Open the Pokemon Battle Academy board game and you’ll be whisked back to childhood. Designed as an entry-point to the Pokemon Trading Card Game, it’s crammed with nostalgia for a hobby that’s been going strong since 1996. However, I don’t know if it’s ever been this accessible.
That’s because Pokemon Battle Academy serves as the perfect introduction to this game. It’s easy to follow, provides everything you need to get started, and isn’t patronizing in the slightest. As a result, it’s the ideal way of easing yourself in no matter whether you’re a lapsed fan or have never played before.
(Image credit: The Pokemon Company)
Time to set up: 2 minutes
Time to play: 20 – 60 minutes
Crack open the box and you’ll find an annotated board with rules for moment-to-moment gameplay, tokens to track damage, a holographic coin for determining who goes first, and three possible decks to choose from – Fire, Electric, or Psychic. In a surprisingly generous twist, this is all that’s required to play the card game in tournaments or at home; everything from Pokemon Battle Academy is interchangeable with the Pokemon TCG at large, and vice versa. That means you can take your Pikachu-themed deck and sub in new cards from other sets or blister packs. The world is your (Cl)oyster.
You don’t need to worry about any of that to begin with, though. Everyone starts with the Fire and Electric decks, and these go alongside a guided game that walks you through the basics. Although it might seem overwrought at first in its simplicity, this on-rails match guarantees that no-one will be turned off by in-depth mechanics or pages of rules. It’s blissfully straightforward, and once I was done I felt ready to take on a real game despite not having played the TCG for decades (yes, I know, for shame – I’m aware that the Pokemon TCG is among the best card games out there).
But let’s back up for a second. If you’re new to this, here’s how it works. Each player starts with a hand of cards drawn from their deck, and that’ll include a mixture of Energy, Pokemon, evolutions, items, and supporters. You begin by placing a basic-tier monster in your active slot – this will be the one attacking or getting attacked – and others in reserve on the Bench. You then attach one Energy card to your Pokemon per turn, and that powers its moves. Most Pokemon have a couple of attacks to choose from, but these require different amounts and kinds of Energy that you collect throughout the game. As such, you’ve got to carefully time when and where to put down Energy.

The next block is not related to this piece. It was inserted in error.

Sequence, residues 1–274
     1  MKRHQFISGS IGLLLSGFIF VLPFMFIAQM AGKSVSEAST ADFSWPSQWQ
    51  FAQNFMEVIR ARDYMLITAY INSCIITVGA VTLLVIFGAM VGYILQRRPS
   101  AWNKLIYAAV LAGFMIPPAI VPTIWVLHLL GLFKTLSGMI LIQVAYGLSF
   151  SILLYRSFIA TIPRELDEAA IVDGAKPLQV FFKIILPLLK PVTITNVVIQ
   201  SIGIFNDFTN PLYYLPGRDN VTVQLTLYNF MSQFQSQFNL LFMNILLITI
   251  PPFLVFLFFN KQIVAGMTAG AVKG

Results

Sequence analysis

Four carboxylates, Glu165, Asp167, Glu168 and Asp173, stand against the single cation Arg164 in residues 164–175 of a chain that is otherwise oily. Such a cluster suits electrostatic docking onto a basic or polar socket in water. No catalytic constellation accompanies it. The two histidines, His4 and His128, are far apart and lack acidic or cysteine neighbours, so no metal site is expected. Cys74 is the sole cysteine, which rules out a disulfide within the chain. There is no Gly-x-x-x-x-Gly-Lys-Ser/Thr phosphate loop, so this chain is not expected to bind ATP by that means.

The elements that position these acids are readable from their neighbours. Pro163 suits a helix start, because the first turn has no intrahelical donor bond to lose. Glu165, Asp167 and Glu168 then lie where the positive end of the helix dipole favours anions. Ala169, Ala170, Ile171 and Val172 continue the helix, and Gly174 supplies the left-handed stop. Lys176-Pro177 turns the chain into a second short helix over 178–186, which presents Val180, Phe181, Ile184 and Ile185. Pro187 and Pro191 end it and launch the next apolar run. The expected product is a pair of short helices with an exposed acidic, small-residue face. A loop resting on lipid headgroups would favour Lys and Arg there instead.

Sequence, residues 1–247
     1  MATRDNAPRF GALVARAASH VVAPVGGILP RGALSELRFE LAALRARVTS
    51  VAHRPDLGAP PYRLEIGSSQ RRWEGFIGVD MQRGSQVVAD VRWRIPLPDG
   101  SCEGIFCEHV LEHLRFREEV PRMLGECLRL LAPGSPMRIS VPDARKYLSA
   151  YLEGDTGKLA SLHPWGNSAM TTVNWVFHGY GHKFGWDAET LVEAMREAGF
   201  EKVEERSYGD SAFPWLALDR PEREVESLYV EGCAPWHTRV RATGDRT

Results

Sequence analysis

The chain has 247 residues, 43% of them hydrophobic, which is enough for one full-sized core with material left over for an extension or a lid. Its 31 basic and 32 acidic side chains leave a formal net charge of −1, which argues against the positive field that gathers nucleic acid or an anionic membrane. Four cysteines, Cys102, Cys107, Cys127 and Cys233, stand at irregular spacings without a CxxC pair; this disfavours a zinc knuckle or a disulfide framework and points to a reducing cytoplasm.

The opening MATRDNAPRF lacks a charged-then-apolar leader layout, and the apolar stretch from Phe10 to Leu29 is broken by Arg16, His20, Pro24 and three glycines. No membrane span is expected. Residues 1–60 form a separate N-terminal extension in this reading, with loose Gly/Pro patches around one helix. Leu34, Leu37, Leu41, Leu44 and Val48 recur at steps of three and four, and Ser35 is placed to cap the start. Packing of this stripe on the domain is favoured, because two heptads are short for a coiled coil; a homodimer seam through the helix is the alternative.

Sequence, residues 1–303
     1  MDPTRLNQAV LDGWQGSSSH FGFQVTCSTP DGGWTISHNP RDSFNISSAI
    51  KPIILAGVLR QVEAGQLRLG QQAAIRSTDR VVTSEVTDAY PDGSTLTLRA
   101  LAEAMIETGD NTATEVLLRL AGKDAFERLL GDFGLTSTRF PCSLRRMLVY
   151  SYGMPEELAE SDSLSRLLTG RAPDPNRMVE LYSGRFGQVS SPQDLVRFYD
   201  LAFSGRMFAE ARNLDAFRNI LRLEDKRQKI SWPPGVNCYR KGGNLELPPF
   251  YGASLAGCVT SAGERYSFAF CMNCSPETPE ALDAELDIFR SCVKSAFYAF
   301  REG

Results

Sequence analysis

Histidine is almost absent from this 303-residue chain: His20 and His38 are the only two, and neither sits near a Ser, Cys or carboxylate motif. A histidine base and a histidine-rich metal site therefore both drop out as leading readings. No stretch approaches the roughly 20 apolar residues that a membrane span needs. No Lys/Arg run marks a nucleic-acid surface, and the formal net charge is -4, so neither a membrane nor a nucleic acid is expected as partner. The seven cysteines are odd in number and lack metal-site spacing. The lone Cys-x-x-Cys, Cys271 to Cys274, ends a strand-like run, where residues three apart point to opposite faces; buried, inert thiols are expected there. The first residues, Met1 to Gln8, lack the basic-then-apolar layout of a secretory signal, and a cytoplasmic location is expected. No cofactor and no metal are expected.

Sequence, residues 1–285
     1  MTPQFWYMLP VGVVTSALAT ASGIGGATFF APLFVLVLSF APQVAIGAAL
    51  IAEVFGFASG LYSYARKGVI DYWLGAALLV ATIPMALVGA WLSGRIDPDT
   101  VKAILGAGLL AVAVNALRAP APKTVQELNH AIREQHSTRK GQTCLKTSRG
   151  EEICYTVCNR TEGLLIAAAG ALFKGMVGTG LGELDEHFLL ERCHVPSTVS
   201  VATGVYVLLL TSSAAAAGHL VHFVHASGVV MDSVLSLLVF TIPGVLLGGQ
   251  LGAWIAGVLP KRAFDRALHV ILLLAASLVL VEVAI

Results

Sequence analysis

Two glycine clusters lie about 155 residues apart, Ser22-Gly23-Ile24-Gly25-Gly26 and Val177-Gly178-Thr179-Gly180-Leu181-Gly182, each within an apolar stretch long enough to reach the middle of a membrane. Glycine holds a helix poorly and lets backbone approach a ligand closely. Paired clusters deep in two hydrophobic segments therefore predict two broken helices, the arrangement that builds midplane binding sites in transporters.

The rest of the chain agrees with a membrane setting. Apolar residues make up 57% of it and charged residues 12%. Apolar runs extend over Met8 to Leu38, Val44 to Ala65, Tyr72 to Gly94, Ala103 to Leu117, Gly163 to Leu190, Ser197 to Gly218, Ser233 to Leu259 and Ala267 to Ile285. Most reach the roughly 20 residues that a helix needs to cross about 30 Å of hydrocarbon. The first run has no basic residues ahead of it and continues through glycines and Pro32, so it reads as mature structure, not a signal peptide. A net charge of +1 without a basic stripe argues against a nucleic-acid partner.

Once you’ve chosen an attack, you use it against your foe’s active Pokemon and… well, they either get knocked out or weather the storm. Your opponent can then respond. The winner is the first person to knock out a certain number of their opponent’s Pokemon. For the guided game, it’s just four. That makes for a snappy, quick match.
The best there ever was
Don’t think these training wheels result in a dull game. Your turns are given a welcome complication by healing potions, attack bonuses, and evolutions that can completely upend the balance of power. The ability to retreat is also a crucial layer of strategy to factor in; it lets you withdraw a wounded Pokemon and deny the other player points, but it also requires you to give up a precious Energy card.
It’s a testament to the game’s rules that they’re so accessible, even with those extra mechanics thrown in. That makes Pokemon Battle Academy perfect as a board game for kids, especially because the guided session is so easy to follow. In fact, you can be playing full games in less than half an hour.
Speaking of which, you’re gently introduced to the game proper once you’ve cleared that guided session. This allows you to use the Psychic pack and shuffled cards to randomize your deck, offering more of a challenge and the need to think on your feet. The number of Pokemon you have to defeat to claim victory is increased as well.
That’s Battle Academy all over; it drip-feeds information and rules exactly when you’re ready to hear them.
Mostly, that is. The Physic rulebook that goes along with the deck isn’t as easy to parse as the others; it’s more of a glossary featuring a list of full rules than a logical, step-by-step guide. This isn’t a hanging offence, of course, but it’s somewhat jarring compared to how user-friendly the rest of the set is. It’s the same story with references to concepts not present in the Battle Academy. Despite being prep for the TCG at large, it still feels a bit too “want this cool thing? Spend more money” for my taste.
It’s a small complaint in the grand scheme of things though, as is my other very mild criticism that the board could be slightly prettier. When set alongside the vast array of pros (not to mention the adorable and frequently beautiful card artwork), these cons melt away in short order.
That’s a sign of how good Pokemon Battle Academy is at its job: I can’t think of many negative things to say at all. In addition, I’m now keen to rush out and get another set of cards to create my own deck. I imagine this is exactly what the game is designed to do, so bravo, Pokemon – you win this round. I suppose you could even say it was super effective.